Digital television – or DTV for short – is being hailed for its pristine picture, sound quality and explosion of new channels. Judging from the graphic of a flower and a nearly cloudless sky on the FCC’s digital television Web site, sunny days are ahead for TV viewers.
Now, it’s never nice to rain on someone’s parade, but bad news is bad news. Because when it comes to the DTV transition, the forecast looks gloomy.
On February 17, just five months from now, all U.S. analog TV stations will switch to digital broadcasting, creating thousands of new channels. (Digital broadcast technology allows several separate TV channels to be compressed into subchannels for what is called “multicasting.”) Broadcasters may go from the one channel they broadcast on now to potentially four or more using the same license – meaning you might soon find yourself flipping from channel 4 to channels 4.1, 4.2 and 4.3 .
Or, you may not be flipping channels at all. Despite efforts by the FCC and others to raise public awareness, there are gaps in the population that haven’t gotten converter boxes and could be left with static on their old TVs after mid-February. A lack of coordination between federal agencies handling public education has only worsened the situation, and there’s a lack of direct assistance for people who need help hooking up their converter boxes and ensuring they work properly.
Most low-power commercial TV stations (including many Spanish-language stations) are not making the DTV transition in February. But the vast majority of converter boxes won’t carry their analog signals, meaning many people will be unable to tune into the news and information they depend on unless they either unplug their converter boxes and go back to their rabbit ears, or only watch the low-power station.
In the midst of this chaos, cable companies are preying on consumers’ confusion, marketing paid cable service as a way to keep their TVs working post-DTV transition.
What’s missing from this discussion, however, is what’s going to be on these new digital TV channels.
On February 18, the new channels – on spectrum valued at over $70 billion – will be handed over solely to the current 1,762 U.S. broadcast licensees. But because of the massive giveaway Congress signed off on in the Telecommunications Act of 1996, local communities, entrepreneurs, nonprofit organizations, unions, churches, schools and everyday taxpayers won’t be allowed to set one foot in this new broadcasting game.
It is often forgotten that the airwaves commercial broadcasters use belong to the public. In return for using this valuable public resource for absolutely free, commercial broadcasters have basic “public interest obligations” to ensure that programming reflects the needs and desires of the public . It’s no secret that broadcasters have been shirking this duty for years and that lawmakers and the FCC have failed to hold broadcasters accountable.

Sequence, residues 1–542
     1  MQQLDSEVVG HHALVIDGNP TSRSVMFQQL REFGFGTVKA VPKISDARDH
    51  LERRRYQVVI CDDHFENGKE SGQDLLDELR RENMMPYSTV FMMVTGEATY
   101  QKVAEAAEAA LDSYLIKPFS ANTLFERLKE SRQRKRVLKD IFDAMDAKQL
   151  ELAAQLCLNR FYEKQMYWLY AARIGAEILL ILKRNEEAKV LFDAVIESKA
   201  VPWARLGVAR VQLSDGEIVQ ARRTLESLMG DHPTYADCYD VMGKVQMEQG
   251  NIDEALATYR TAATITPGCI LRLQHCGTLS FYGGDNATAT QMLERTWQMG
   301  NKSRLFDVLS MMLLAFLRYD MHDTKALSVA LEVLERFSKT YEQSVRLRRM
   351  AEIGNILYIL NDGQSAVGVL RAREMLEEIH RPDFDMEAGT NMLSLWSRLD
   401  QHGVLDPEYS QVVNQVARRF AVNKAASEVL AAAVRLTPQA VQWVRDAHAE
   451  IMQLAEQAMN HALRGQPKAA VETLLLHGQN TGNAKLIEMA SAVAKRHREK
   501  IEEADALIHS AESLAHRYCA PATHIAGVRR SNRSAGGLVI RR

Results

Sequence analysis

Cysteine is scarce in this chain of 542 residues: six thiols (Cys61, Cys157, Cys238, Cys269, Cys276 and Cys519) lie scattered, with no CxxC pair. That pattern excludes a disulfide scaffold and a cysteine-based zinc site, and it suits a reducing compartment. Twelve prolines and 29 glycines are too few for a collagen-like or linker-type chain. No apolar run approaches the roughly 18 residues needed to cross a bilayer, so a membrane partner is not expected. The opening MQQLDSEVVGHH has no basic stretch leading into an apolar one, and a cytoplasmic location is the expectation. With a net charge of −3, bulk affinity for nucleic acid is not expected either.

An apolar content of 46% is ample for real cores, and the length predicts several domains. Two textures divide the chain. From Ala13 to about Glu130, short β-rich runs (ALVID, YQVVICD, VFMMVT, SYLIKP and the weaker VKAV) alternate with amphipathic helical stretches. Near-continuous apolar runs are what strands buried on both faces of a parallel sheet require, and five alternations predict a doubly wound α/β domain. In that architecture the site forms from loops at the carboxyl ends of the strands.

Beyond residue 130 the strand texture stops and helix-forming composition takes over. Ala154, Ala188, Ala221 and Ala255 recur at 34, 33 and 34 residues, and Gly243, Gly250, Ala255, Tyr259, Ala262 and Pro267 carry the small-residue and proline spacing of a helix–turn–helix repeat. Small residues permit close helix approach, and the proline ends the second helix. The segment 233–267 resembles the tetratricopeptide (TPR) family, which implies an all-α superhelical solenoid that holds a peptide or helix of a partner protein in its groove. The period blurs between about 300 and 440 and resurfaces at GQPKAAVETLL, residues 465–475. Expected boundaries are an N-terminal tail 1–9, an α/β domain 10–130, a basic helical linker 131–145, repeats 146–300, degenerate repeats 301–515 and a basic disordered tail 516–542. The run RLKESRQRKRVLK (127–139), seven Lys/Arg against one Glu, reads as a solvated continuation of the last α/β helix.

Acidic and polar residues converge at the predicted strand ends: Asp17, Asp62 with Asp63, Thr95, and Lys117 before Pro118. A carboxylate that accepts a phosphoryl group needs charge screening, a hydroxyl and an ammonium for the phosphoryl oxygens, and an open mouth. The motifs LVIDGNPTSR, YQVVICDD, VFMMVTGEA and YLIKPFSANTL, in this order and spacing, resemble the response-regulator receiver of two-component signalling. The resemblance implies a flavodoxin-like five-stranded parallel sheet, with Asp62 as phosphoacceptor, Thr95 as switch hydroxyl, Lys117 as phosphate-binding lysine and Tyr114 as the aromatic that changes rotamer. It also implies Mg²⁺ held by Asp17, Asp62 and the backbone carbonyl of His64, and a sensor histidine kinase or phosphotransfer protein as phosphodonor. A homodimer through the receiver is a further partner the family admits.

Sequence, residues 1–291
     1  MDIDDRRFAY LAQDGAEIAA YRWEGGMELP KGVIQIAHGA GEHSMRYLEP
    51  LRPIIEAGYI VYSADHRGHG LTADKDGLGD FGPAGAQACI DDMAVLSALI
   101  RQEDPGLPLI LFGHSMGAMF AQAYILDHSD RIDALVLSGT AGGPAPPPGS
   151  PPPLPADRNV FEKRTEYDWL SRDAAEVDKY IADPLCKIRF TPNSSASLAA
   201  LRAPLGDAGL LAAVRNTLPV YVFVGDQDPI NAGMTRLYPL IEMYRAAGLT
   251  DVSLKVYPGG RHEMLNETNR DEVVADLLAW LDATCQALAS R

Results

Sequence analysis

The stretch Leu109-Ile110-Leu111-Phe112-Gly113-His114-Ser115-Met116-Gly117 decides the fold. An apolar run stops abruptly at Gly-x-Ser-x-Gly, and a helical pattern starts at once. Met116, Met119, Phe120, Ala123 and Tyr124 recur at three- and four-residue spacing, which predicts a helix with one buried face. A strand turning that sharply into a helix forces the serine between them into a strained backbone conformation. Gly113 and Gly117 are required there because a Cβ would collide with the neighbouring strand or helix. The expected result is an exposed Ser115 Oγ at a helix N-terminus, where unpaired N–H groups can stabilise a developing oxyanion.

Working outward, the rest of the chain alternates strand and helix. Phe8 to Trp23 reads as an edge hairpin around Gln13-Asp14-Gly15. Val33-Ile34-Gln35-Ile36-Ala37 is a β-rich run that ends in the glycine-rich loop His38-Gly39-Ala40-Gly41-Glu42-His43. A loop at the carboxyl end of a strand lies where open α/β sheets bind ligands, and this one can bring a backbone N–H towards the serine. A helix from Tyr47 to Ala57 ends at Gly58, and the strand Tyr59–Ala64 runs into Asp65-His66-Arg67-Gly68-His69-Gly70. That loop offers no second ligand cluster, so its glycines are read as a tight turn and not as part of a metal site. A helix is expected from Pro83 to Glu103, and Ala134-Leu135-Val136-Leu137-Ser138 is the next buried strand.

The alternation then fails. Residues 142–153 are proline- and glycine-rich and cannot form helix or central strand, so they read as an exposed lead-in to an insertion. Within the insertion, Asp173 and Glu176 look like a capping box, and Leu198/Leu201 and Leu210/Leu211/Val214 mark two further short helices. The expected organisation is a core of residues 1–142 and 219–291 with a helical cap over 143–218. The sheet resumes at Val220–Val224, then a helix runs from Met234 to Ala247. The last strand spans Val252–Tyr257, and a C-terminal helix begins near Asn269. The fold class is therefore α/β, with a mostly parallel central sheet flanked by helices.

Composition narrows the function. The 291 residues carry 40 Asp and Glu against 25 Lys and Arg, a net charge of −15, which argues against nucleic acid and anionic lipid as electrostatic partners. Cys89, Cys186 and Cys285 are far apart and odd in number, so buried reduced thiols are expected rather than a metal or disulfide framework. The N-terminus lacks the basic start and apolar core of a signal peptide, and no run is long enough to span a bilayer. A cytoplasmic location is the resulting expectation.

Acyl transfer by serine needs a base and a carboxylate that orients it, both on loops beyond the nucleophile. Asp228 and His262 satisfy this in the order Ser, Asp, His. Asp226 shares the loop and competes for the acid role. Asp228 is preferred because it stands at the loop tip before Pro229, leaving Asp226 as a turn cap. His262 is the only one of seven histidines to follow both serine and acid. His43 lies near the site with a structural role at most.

Bruce Dixon, editor of Black Agenda Report, has been one of the few reporters to sound the alarm over this boondoggle. In his article “Grand Theft Digital; How Corporate Broadcasters Are Hijacking Digital TV,” he said the FCC’s DTV Web site is devoid of any mention of the taxpayers’ gift to industry.
“The question of who owns the limited resource of broadcast airwaves, who is entitled to broadcast licenses and under what conditions, and in whose interest the public spectrum must be managed are entirely absent from the FCC’s public ‘awareness’ programs,” Dixon writes.
The DTV transition could be an incredible opportunity for the government to instill these public interest obligations in the new channels and to ensure that other voices often ignored and underrepresented by Big Media – such as local, independent and minority voices – get to use some of the new channels for different programming.
Instead, there are very few public service obligations, no caveats for more local news reporting and no mandates for channels to be owned by minority and female broadcasters. All we have to show for the dramatic digital expansion of broadcasting on public airwaves is a hard-won compromise to guarantee some children’s programming.
For over a decade, broadcasters have been selling the DTV transition to Capitol Hill, promising innovative programming and entire channels devoted to children’s shows and local news. But what do broadcasters really plan to do with the new channels?
Air reruns and weather reports.
As Carrie Biggs-Adams of the Communications Workers of America told Black Agenda Report: “Broadcasters have no idea how they will fill the extra channels they’ll get on February 18, 2009. They don’t have the content and they don’t have a clue. There are only so many reruns, reality shows and home shopping networks.”
Aside from raking in more ad revenue on their new channels, some broadcasters may not even see an incentive to offer compelling new programming that could drive audiences away from highly rated shows.
“It’s just a pure business decision,” James McQuivey, a media analyst with Boston-based Forrester Research, told the National Journal. “Do I run the risk of rolling out new channels that will dilute my audience base?”
Rather than allowing broadcasters to squat on spectrum with low-quality, mind-numbing shows and old movies of the week, the government should enforce a “use it or lose it” policy. Unless broadcasters devote their channels to useful and original programming for the public on the airwaves they use for free, they should have to give it to someone else who will.